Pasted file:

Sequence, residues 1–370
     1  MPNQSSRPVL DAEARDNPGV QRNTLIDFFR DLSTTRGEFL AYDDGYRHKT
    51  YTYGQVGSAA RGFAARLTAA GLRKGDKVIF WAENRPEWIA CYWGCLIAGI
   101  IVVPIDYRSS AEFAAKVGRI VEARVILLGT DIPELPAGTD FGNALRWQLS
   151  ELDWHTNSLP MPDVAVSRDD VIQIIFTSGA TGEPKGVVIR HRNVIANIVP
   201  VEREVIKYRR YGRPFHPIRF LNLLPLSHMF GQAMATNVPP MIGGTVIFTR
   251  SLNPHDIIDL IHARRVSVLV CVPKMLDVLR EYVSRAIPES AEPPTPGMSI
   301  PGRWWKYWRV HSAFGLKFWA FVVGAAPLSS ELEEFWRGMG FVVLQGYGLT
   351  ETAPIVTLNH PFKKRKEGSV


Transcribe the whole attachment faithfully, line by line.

Sequence, residues 1–370
     1  MPNQSSRPVL DAEARDNPGV QRNTLIDFFR DLSTTRGEFL AYDDGYRHKT
    51  YTYGQVGSAA RGFAARLTAA GLRKGDKVIF WAENRPEWIA CYWGCLIAGI
   101  IVVPIDYRSS AEFAAKVGRI VEARVILLGT DIPELPAGTD FGNALRWQLS
   151  ELDWHTNSLP MPDVAVSRDD VIQIIFTSGA TGEPKGVVIR HRNVIANIVP
   201  VEREVIKYRR YGRPFHPIRF LNLLPLSHMF GQAMATNVPP MIGGTVIFTR
   251  SLNPHDIIDL IHARRVSVLV CVPKMLDVLR EYVSRAIPES AEPPTPGMSI
   301  PGRWWKYWRV HSAFGLKFWA FVVGAAPLSS ELEEFWRGMG FVVLQGYGLT
   351  ETAPIVTLNH PFKKRKEGSV